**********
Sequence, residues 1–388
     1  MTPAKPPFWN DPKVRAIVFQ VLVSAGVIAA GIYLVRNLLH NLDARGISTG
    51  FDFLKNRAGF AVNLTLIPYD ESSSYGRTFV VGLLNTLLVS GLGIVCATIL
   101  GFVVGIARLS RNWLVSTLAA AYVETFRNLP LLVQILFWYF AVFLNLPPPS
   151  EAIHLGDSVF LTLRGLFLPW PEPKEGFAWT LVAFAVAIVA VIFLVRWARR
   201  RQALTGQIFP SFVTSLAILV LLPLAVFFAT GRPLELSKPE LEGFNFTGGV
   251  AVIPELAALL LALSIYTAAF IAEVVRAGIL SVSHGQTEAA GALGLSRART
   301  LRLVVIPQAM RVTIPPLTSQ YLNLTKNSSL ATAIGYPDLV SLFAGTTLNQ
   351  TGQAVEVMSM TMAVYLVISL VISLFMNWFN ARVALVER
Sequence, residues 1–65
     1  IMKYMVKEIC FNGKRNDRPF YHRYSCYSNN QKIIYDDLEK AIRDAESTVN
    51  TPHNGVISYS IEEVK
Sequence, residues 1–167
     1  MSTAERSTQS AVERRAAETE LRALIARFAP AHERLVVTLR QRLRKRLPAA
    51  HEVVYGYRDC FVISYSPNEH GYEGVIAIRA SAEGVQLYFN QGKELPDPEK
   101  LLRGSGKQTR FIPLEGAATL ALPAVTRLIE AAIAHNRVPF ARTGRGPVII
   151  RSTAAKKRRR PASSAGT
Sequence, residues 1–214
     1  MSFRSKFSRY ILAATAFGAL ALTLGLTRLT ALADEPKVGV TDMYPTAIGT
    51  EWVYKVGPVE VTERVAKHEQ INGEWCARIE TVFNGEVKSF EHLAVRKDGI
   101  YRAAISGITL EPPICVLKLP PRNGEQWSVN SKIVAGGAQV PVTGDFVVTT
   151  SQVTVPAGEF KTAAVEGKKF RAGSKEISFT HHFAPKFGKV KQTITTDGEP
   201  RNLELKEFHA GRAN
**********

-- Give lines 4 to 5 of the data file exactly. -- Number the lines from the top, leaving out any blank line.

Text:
   101  GFVVGIARLS RNWLVSTLAA AYVETFRNLP LLVQILFWYF AVFLNLPPPS
   151  EAIHLGDSVF LTLRGLFLPW PEPKEGFAWT LVAFAVAIVA VIFLVRWARR